The most interesting data we saw was the German PMI with the services component exceeding forecasts while the manufacturing component disappointed putting in its steepest decline in six and a half years.
The Australian dollar remained way down after taking a couple of hard hits early in the day. China has a ban on Aussie coal imports and calls from Westpac’s chief economist for two rate hikes in 2019 were responsible for the relative weakness in the Australian dollar.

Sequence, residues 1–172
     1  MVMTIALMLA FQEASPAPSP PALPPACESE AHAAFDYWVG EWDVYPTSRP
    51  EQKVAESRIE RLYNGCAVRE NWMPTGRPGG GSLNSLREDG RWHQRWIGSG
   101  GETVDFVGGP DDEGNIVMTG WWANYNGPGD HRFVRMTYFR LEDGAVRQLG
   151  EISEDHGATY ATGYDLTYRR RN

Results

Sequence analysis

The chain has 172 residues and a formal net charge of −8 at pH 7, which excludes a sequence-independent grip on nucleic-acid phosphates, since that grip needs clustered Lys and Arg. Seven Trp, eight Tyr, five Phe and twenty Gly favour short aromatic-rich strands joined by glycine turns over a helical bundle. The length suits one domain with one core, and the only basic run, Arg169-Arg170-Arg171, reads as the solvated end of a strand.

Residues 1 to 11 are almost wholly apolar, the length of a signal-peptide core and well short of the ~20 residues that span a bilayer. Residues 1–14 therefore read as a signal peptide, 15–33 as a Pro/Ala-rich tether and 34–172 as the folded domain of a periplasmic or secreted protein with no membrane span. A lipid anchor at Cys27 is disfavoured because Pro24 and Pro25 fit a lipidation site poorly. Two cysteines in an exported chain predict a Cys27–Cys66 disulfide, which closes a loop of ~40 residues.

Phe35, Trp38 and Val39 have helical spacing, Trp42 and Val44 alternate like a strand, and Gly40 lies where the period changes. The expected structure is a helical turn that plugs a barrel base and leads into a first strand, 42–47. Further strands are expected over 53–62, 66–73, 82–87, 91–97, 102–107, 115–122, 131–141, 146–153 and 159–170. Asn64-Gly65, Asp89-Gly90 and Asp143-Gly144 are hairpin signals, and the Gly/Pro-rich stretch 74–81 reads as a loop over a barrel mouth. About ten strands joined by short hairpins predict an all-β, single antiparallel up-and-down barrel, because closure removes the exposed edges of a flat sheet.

A solid Aussie employment report and what has been a broad-based surge in dollar selling as the day moves on.
On the Brexit front, there hasn’t been much of anything new to report though Theresa May has been more vocal about not allowing a scenario where the UK is forced to see a no deal Brexit. This has helped to give the pound an added boost the pound is actually outperforming over the past week across the more actively traded markets.
In North America the US dollar has taken yet another hit after the Philly Fed survey came in disturbingly weak that’s at its lowest level since May of 2016.